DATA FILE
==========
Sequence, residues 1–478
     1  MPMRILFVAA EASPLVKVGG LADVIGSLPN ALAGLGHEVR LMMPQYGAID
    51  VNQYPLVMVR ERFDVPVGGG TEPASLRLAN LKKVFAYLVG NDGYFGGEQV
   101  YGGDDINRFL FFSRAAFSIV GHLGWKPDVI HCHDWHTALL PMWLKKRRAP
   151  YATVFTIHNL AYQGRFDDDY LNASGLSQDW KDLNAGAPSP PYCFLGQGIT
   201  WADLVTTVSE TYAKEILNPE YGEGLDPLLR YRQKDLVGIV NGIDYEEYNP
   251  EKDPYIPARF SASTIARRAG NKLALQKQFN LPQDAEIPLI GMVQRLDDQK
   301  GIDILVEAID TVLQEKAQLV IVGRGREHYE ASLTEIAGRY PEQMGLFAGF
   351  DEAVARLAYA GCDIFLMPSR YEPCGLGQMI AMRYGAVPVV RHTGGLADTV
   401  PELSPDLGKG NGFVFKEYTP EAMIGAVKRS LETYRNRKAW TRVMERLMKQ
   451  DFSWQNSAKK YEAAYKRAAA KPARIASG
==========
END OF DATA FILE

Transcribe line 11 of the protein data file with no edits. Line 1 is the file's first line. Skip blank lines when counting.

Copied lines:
   451  DFSWQNSAKK YEAAYKRAAA KPARIASG